By Ian Taylor
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Brexit: Very little confidence in the Tories

This article is over 5 years, 6 months old
Issue 442

Theresa May survived the attempt to get rid of her from within her own party in December. But it was a sign of her abject weakness that she won the no-confidence vote by promising to go before the next scheduled election.

The fact that 200 Tory MPs backed her did nothing to resolve the crisis her government, her party and the British ruling class face over Brexit. It merely ruled out a switch of Tory prime minister for at least a year, unless May is ordered out by Tory grandees, and confirmed most MPs have no stomach for Britain to leave the EU with no deal.

May’s ducking of a parliamentary vote on her Brexit agreement also confirmed the government’s desire to avoid no deal, although that remains a possibility. The prime minister could not countenance handing the initiative to parliament, but she may face no alternative when she returns to put the deal and whatever concessions she gains from EU leaders to a vote, now expected this month.

It’s worth noting May was advised by senior Tories to delay the vote, including by 1922 Committee chairman Graham Brady who received the no-confidence letters which triggered the move against her.

Removing May risked a Tory civil war which has little obvious resonance outside Westminster. Polls suggested May’s standing even rose through the crisis. Her Brexit-supporting opponents had no clear alternative candidate for leader and no coherent alternative proposal. Europhile Conservatives were also divided, some favouring a so-called “Norway-plus” deal which would keep Britain in the EU single market, others not.

However, the size of the Tory rebellion meant Labour could win a no-confidence vote in parliament if only a small minority of the Brexiters or the DUP decided to bring down the government.

So May could fall at any moment, though were she to lose a no-confidence vote in parliament she would have 14 days to win a subsequent vote before having to stand down.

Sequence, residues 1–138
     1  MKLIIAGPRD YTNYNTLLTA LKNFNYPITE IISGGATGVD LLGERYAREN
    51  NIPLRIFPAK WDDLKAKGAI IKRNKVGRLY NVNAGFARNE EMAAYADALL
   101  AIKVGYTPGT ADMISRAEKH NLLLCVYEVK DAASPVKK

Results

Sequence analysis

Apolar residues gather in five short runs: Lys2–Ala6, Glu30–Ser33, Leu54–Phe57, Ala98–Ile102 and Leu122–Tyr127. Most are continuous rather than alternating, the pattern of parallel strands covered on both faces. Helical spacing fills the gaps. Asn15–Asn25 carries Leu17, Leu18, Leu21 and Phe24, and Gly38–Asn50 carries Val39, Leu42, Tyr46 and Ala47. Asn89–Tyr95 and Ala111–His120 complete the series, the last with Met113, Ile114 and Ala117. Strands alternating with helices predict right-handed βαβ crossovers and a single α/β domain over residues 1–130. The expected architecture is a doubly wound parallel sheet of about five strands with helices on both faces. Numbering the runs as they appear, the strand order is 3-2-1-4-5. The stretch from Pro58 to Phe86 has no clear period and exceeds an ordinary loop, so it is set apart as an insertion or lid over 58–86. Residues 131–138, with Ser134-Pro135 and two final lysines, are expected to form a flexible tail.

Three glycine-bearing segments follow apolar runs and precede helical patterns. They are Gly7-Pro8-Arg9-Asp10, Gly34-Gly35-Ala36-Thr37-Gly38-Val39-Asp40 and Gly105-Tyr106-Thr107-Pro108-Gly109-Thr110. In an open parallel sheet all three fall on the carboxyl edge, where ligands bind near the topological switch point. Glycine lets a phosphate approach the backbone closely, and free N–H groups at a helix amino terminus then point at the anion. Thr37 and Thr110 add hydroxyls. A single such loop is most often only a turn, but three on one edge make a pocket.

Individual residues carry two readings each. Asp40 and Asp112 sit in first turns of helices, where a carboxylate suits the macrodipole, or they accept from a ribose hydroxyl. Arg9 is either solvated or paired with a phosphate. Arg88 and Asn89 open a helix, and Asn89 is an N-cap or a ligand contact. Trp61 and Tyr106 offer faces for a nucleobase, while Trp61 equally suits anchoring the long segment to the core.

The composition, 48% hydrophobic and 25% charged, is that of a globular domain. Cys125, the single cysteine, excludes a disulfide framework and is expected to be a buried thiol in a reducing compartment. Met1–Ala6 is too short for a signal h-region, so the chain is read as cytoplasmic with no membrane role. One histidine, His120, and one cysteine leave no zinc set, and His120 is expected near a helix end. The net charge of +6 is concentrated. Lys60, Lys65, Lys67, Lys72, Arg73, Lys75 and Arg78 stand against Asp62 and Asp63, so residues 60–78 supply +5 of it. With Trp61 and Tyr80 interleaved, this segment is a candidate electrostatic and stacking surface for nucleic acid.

The events of December thus tipped the odds towards a general election or even another referendum. Former Tory leader William Hague estimated the prospects of the latter at 40 percent in an address to business leaders. But Conservative political commentator Tim Montgomerie ridiculed the idea, pointing out it would mean “political death” for any senior Tory who supported it.

In the meantime, May sought help from EU leaders while warehouse owners and letting companies made a killing. The FT reported: “Brexit-related stockpiling is driving up the cost of short-term space in warehouses as companies guard against a no-deal outcome that could cause gridlock at ports.” The Bank of England reported companies so desperate they were taking “chilled storage for non-perishable goods”.

Recall how May got to this point. She delighted Tory Eurosceptics in 2017 when she set Britain’s EU departure date at the end of March 2019, a pledge which the FT noted “horrified senior civil servants, none of whom were consulted”. One senior Whitehall figure told the business paper, “She literally did not understand what she said.”

The 2017 general election, when the Corbyn-led Labour Party defied ridicule in the media and sabotage from within to erase May’s majority in parliament, changed the political balance of forces. May had to rely on the Loyalist bigots of the DUP to govern and appease the Brexiters in her party and her cabinet rather than take them on as the policy she pursued dictated. She sought to hold the party together while fulfilling the Tories’ historic role of acting in the interests of British capital, reflected in the majority desire among business leaders to stay in the EU, and delivered a deal that satisfied neither.